For other parameters from your traffic source, pass these to the lander URL directly. then place our no-redirect JS on your landing pages that the tracking link is redirecting to. When the iFrame redirects it will track the user and send them to X lander. When they get there, the JS will detect parameters in the parent URL.

Note that if you use any conditions in your funnel that redirect based on tracking field parameters, you will need to do something more advanced here to make those parameters be present in the iFrame src URL first, before it tries to load.

Using iFrames and dynamically passing parameters into the src

If you're using iFrames and you want to dynamically pass data from the parent URL into the iFrame src, you will need to use JS to generate the iFrame itself -- as you can't modify the existing iFrame, it will load before your JS has the chance to do this.

Dynamically changing the iFrame src will be useful if you need FunnelFlux to redirect based on this data, e.g. specific publisher IDs.

Here's an example code solution that will achieve this:

<!DOCTYPE html PUBLIC "-//W3C//DTD XHTML 1.0 Transitional//EN" "http://www.w3.org/TR/xhtml1/DTD/xhtml1-transitional.dtd">
<html xmlns="http://www.w3.org/1999/xhtml">
<head>
<title>Your Page Title Here</title>
<style type="text/css">
    body, html
    {
        margin: 0; padding: 0; height: 100%; overflow: hidden;
    }

    #content
    {
        position:absolute; left: 0; right: 0; bottom: 0; top: 0px;
    }
</style>
</head>
<body>
<div id="content">
</div>

<script type="text/javascript">
var url = window.location.href;
var urlParams = url.split("?")[1];  
    function prepareFrame() {
        var ifrm = document.createElement("iframe");
        ifrm.style.width = "100%";
        ifrm.style.height = "100%";
        ifrm.setAttribute("frameborder", "0");
        ifrm.setAttribute("src", "https://tracker-url-here" + "&" + urlParams);
        document.getElementById('content').appendChild(ifrm);
    }
    prepareFrame();
</script>
</body>

Be sure to test this and ensure it works for your situation. 

You can test by inspecting element on the page, then loading your URL with test parameters in it. 

You should see these appearing in the iFrame src attribute and should also see the data being logged in FunnelFlux, provided the parameter names match what is expected for the traffic source.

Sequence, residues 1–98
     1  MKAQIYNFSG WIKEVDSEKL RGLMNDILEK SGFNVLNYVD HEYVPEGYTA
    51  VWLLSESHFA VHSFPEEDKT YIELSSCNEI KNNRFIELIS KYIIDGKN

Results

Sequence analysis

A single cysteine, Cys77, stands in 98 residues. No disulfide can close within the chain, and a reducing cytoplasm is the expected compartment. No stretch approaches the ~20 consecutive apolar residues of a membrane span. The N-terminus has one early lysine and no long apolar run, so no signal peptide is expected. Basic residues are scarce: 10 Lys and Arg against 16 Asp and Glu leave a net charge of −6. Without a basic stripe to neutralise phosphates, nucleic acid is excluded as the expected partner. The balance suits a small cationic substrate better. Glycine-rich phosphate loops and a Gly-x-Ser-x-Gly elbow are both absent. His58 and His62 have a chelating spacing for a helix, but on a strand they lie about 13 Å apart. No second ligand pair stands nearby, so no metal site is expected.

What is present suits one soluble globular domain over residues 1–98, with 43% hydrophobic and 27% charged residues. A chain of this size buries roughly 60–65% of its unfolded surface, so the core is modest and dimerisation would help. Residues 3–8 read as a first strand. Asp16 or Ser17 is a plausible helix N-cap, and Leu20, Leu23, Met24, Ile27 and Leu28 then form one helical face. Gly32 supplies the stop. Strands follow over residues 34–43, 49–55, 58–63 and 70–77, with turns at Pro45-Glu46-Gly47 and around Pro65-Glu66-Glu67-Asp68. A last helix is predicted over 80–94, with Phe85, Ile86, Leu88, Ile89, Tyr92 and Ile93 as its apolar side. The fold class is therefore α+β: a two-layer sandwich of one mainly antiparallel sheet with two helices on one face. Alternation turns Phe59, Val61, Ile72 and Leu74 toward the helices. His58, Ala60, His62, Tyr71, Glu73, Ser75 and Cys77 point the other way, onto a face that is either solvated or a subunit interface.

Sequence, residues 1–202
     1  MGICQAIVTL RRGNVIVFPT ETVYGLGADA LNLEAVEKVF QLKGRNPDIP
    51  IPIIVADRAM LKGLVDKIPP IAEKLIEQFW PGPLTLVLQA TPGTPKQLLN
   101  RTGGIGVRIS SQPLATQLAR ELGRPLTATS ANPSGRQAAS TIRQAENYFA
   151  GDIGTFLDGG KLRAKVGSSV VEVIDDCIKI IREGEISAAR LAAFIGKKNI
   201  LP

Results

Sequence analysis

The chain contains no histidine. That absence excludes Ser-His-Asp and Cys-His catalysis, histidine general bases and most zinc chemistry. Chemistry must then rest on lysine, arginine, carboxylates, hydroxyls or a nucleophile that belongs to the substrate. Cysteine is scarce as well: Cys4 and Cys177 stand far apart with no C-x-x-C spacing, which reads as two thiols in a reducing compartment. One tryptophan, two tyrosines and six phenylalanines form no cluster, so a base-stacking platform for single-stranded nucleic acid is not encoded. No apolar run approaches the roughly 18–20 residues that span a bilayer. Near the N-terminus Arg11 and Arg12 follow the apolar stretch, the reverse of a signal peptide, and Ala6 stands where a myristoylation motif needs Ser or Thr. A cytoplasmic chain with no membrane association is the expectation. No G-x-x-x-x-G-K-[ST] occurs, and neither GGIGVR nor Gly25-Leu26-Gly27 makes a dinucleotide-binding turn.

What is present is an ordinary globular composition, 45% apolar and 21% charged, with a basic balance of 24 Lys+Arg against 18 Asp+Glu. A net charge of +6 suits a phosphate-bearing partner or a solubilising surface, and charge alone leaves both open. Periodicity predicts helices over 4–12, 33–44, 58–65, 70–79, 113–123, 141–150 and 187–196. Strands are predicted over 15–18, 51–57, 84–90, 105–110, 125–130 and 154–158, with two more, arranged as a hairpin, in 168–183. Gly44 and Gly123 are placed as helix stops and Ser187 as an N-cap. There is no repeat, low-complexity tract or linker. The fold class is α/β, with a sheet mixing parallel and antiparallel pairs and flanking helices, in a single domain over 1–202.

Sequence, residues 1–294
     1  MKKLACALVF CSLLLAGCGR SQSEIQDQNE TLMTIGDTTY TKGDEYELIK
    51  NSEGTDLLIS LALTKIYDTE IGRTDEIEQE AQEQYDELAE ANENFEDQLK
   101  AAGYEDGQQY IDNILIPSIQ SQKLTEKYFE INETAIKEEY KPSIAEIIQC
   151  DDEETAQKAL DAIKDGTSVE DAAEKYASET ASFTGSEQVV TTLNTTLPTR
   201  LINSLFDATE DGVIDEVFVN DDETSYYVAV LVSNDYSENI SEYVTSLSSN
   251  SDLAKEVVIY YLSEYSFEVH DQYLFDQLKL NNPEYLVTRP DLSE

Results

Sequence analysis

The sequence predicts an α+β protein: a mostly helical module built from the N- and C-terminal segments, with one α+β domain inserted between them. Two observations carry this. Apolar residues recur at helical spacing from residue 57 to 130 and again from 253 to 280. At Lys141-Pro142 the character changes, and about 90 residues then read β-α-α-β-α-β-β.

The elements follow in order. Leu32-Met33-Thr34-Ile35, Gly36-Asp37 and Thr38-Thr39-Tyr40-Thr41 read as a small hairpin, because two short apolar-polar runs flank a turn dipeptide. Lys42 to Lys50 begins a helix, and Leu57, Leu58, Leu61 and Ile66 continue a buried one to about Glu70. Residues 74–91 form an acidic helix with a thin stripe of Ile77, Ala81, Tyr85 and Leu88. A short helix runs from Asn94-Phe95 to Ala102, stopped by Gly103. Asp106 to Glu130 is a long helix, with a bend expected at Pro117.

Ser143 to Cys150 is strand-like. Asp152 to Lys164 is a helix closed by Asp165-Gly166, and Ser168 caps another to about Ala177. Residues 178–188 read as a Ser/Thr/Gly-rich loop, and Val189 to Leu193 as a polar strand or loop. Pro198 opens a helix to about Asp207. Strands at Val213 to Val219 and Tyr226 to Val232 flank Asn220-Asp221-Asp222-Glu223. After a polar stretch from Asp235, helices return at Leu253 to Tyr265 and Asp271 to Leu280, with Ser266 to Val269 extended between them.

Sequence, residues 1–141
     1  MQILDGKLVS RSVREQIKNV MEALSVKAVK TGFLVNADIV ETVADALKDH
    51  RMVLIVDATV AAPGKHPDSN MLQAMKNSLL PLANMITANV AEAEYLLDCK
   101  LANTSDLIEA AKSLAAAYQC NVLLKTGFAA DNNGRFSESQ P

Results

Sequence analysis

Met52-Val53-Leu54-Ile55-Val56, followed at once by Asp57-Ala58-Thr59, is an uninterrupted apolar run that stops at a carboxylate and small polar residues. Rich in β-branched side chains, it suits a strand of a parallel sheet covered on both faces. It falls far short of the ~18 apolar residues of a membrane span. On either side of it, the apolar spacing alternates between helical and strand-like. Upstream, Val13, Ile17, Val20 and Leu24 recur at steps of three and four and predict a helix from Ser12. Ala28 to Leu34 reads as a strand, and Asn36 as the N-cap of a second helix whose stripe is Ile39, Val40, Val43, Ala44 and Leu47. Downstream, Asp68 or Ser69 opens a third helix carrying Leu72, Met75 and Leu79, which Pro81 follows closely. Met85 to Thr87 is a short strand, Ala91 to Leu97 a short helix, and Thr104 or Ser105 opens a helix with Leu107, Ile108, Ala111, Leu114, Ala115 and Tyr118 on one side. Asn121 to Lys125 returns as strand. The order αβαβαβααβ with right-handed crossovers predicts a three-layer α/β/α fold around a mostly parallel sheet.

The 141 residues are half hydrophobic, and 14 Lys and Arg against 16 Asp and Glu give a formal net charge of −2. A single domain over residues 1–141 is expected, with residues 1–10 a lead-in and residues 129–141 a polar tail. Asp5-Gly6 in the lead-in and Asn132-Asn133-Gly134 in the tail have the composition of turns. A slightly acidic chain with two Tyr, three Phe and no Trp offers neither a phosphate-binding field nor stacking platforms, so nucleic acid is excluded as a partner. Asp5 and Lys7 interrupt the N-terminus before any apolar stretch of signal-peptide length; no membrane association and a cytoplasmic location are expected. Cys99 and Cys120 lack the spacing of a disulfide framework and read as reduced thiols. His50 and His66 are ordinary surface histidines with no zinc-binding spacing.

Using PHP to rotate landers

This is an advanced way to rotate landing pages and will require your own server hosting the pages + PHP code.

Required steps:

  1. Put all your landers in the same folder on your server, e.g. /landers/some-folder/ 
  2. Its ideal if all the HTML source files are in the same parent directory, e.g. lp1.html, lp2.html and so on. 
  3. If your assets clash, I suggest making folders such as css-lpname , images-lpname  etc. to separate them, then alter your HTML file to use these new folders.
  4. Create an index.php file in your parent directory alongside the HTML files
  5. In each of your landing page HTML files, insert FunnelFlux no-redirect JS that has been obtained for that lander in a specific funnel using the send traffic here prompt. It's important it is done this way so it has a flux_fn parameter in it.
  6. In your index.php file, create a basic rotation code to include() the landing page sources, such as:
<?php

$lander[0] = 'lp1.html';
$lander[1] = 'lp2.html';
$lander[2] = 'lp3.html';

$number = mt_rand(0,2);

include("$lander[$number]");

?>

Advantages:

  • You can rotate pages server-side and this is not detectable - there is no redirect. However, users could refresh the page and see rotation happening, so you'd need to add some cookie/session usage code to create persistence here if desired.
  • Can bypass most "no redirects allowed" situations 

Disadvantages:

  • A bit more work required to make this work
  • You need a landing page server that can execute PHP
  • You will need to make separate folders and duplicates of your landers if you wish to use them in different funnels -- consider this a single-funnel only approach. This is required as the flux_fn or node ID parameter in the included page's JS is what tells FunnelFlux the lander the user hit. It cannot determine this from the URL, and you cannot pass URL parameters into the file includes.
  • FunnelFlux uses referrer to deal with repeat action clicks -- here that is not going to be practical, so you will need to use the JS to inject hit IDs into action links if you are using pages where many clicks to different CTAs is expected.